Streamside Vegetation Can Capture Pesticides

Blueberries and other crops are being impacted in the Pacific northwest by a new invasive species. Pesticide use to combat this problem may impact nearby aquatic life. Researchers studied agriculture areas with and without woody vegetation along stream banks to understand if they could play a role in keeping pesticides out of streams. Sites with woody vegetation reduced 96% of pesticide measured in the stream on average compared to sites without. Increasing woody vegetation next to streams could help farmers fight off invasive species while still protecting water quality.

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Pesticides and Fertilizers: A toxic relationship that is stressful for frogs

Large-scale agriculture utilizes a myriad of chemicals to increase crop yields and profits. The effects of these chemical mixtures can be unpredictable once they are introduced into the environment, especially when interacting with vulnerable animal groups like amphibians.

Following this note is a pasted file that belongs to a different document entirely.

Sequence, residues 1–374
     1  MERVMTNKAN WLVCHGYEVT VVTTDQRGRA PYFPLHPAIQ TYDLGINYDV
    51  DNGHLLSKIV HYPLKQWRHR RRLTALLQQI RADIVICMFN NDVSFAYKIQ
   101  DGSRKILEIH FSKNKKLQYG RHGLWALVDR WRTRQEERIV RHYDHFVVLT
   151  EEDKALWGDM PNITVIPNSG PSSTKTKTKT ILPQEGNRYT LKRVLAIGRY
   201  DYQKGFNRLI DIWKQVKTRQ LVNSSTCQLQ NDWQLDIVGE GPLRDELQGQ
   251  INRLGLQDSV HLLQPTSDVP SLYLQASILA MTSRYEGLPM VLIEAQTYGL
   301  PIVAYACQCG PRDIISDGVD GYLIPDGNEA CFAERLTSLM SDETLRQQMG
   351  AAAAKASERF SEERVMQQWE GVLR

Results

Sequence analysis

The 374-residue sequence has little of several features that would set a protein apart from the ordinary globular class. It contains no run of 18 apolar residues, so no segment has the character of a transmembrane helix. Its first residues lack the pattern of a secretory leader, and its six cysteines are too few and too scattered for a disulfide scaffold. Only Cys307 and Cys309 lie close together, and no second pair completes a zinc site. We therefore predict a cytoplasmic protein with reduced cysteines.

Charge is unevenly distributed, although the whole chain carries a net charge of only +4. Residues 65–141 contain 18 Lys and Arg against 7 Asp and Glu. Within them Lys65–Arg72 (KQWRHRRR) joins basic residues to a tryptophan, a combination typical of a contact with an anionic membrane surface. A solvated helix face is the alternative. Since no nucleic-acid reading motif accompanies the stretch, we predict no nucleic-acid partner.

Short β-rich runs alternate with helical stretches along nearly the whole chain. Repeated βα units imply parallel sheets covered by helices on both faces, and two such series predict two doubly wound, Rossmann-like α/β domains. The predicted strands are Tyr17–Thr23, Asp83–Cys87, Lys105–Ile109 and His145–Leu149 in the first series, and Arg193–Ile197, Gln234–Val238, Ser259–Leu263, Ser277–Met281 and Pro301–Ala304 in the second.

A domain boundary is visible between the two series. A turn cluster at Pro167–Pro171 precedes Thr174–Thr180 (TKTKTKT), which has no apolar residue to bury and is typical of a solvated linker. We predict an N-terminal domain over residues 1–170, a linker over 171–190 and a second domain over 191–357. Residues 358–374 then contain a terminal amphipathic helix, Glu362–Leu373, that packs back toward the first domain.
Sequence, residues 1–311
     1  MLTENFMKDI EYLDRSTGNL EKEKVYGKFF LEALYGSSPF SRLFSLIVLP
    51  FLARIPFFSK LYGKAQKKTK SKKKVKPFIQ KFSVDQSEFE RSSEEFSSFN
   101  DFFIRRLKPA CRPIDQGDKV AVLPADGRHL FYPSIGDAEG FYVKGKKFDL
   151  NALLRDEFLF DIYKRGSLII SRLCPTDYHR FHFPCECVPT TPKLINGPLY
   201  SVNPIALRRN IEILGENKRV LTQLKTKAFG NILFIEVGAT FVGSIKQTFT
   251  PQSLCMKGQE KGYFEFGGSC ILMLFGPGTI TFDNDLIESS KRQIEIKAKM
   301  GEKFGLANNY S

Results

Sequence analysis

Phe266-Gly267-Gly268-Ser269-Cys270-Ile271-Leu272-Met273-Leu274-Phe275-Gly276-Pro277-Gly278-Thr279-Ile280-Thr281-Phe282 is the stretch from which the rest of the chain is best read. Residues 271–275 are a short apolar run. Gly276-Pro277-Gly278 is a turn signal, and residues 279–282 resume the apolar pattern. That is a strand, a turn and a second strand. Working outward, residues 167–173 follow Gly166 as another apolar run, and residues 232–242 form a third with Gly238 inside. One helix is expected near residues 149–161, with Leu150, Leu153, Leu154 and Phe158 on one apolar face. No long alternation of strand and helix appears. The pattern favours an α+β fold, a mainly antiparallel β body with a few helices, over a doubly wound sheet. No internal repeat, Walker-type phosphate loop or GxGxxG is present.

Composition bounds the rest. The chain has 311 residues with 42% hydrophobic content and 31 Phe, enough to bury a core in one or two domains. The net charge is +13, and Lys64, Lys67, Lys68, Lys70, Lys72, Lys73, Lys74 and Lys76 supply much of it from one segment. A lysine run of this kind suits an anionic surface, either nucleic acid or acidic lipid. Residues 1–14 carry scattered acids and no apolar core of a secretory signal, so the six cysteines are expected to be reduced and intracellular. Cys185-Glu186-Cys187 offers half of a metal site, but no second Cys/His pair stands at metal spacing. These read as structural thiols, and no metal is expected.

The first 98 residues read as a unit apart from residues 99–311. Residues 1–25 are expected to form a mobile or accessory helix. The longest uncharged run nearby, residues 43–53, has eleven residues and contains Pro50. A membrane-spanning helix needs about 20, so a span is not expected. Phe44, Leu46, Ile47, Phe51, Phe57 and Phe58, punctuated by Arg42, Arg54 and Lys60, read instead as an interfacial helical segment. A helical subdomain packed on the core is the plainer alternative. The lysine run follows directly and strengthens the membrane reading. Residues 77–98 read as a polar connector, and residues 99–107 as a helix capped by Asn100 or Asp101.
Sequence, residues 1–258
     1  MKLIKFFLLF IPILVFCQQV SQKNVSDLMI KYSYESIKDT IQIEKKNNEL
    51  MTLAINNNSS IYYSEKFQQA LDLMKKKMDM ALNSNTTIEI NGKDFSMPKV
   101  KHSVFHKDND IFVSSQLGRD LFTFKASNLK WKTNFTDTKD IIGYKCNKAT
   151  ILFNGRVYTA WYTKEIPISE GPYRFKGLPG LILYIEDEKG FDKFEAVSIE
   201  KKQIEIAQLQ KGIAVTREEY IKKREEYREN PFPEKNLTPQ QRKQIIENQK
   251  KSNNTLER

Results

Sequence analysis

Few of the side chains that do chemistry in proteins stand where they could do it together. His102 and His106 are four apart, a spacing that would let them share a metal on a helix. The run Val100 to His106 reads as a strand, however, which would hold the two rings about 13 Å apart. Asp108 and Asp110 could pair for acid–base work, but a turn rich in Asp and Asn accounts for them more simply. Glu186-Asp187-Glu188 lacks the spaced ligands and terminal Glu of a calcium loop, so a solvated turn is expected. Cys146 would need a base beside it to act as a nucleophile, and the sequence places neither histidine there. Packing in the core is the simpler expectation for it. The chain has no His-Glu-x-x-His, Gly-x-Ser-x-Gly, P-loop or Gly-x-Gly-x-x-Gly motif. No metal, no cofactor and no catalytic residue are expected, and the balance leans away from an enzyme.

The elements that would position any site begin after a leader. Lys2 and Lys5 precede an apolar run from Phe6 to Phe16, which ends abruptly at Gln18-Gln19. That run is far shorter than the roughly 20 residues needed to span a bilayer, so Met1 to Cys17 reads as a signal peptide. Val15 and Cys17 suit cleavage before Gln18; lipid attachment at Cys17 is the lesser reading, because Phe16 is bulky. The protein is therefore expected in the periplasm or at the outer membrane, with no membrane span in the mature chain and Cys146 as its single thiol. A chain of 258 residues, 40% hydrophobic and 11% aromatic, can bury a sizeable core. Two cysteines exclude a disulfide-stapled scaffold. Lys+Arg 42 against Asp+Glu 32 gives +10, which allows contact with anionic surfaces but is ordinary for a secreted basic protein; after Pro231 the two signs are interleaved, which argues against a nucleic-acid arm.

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The environmental impact of the world’s most famous weed killer

Glyphosate is the world’s most heavily used pesticide and arguably one of the most controversial. Questions have been raised on how safe the pesticide is to non-target organisms, like fish, birds, insects and animals, including humans. The Environmental Protection Agency (EPA) has recently released draft reports that address these issues. This post summarizes their findings.

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Where Have All the Insects Gone?

Insect populations have been plummeting for some time due to habitat destruction, climate change, and other pressures caused by growing human population, but now scientists in Germany are finding that declines in flying insects may be even more extreme than previously thought. Where have all the flying insects flown off to?

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